Media spokesman: Comrade Kenneth Kirkup [journalist and union delegate]
Kenneth Kirkup is an accomplished journalist who cut his teeth with the Durham Chronicle. He is also a committed Trades Unionist. On the outbreak of war he took up the Communist banner, seeing the Socialist response to the rise of Fascism as wholly inadequate. He’s now an evangelical Leninist and has earned the nickname ‘Red Ken’. Solid, dependable, and with a keen eye on the value of the media and propaganda, he also has a serious character flaw. Kenneth is a whisky-soak. He drinks heavily and almost continuously when ‘off duty’, and when drunk he tends to be belligerent, outspoken and aggressive. Kenneth often wakes up on a Saturday morning in the police cells, nursing a hangover.
UPDATE: Kirkup was recently killed. Official media reported his death as a 'motor vehicle accident'. BUF propaganda say he was killed trying to escape from police custody following a charge of violent affray. Chopwell insists he was shot and killed in cold blood by the BUF after being arrested on trumped up charges of assault.
Comrade-Militant Bertrand Westinghouse [Captain, Durham Light Infantry (retired)]
Bertrand Westinghouse is an old soldier; a retired captain and veteran of the Great War. Unusually for a career soldier he has been a lifelong Socialist, having been raised in Ashington by his father, a staunch steward of the Miners' Federation of Great Britain (MFGB). Bertrand went to France with the BEF and served at the First Battle of the Aisne in 1914. Wintering at Armentieres it contracted TB and was invalided back the Blighty and never returned to action. Bertrand transferred to an instructor’s role and spent the rest of the war training Territorial Battalions in Durham. After the war Bertrand remained in service, achieving the rank of Captain shortly before retiring to Chopwell in 1934 with his wife Daisy. A long-standing friend of Roy Harding (John Harding’s father), he took up John’s offer to take over command of the training and command of the Communist forces at Chopwell. ‘Old Berty’ as he is known is a popular member of the collective. His rigorous training methods and insistence on effective defensive works has lent a sense of security to the villages in these unsettled times.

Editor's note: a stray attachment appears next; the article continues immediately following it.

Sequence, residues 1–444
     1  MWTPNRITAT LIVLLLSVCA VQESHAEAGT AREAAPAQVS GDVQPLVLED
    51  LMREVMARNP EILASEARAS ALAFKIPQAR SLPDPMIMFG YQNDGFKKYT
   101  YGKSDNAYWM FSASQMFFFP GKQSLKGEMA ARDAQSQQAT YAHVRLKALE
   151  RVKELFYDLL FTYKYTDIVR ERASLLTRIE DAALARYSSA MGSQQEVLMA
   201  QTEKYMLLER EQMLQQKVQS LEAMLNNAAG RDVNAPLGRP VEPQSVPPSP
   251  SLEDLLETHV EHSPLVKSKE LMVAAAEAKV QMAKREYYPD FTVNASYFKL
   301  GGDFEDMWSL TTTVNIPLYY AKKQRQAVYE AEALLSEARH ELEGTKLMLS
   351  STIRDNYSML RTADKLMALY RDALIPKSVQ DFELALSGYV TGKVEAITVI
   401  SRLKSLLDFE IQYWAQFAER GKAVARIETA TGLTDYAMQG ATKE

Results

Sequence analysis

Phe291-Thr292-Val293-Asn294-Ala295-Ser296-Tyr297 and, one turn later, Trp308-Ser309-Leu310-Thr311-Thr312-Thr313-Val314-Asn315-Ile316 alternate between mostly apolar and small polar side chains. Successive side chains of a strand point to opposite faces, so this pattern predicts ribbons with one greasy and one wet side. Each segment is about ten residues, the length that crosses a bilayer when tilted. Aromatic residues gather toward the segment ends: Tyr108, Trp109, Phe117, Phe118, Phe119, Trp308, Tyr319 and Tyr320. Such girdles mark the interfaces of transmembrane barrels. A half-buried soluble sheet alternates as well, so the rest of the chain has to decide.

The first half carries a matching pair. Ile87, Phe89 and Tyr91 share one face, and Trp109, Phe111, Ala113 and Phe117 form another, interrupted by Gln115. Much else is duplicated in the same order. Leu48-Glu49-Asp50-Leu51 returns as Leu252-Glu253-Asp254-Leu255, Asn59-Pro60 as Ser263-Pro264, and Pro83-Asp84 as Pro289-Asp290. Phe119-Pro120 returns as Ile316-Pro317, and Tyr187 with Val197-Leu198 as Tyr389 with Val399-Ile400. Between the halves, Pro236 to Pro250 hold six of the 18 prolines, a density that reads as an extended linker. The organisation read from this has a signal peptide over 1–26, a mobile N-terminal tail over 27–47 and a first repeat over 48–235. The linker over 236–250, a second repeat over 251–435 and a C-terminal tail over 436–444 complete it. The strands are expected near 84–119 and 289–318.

Commissariat : Comrade-Commissar ‘Ivan’ Eardley [Intellectual and committed Marxist]
Ivan (James) Eardley was born in Newcastle to the middles class Eardley family. His father was a successful barrister and his mother a music teacher. James attended Eton where he read Classics, Law and Politics. Upon graduation he moved France to pursue a career in the Arts, but quickly fell in with the Socialist/Communist movement of the Popular Front. James changed his name to Ivan during this period, becoming a committed Marxist. He became fast friends with André Léon Blum, the leader of the Socialist Party of France. Upon Blum’s election to Prime Minister of France in 1936, Eardley returned to Newcastle determined to match his friend’s success at home. He became quickly disillusioned with the fractious nature of British Socialism and lack of a coalition similar to the French Popular Front. Even with the clear threat presented by the British Union of Fascists in Whitehall, Eardley found it impossible to unite the Socialist in the North East and resolved to head down to Liverpool. His journey stopped at Chopwell where he met John Harding. Eardley is convinced that Harding has the qualities needed to unite the left against the Fascists and accepted the offer to stay and help. He has taken the position of political officer and runs the Commissariat. Eardley and Kenneth Kirkup regularly engaged in heated debates, on occasion coming to blows over the political direction of the Duma.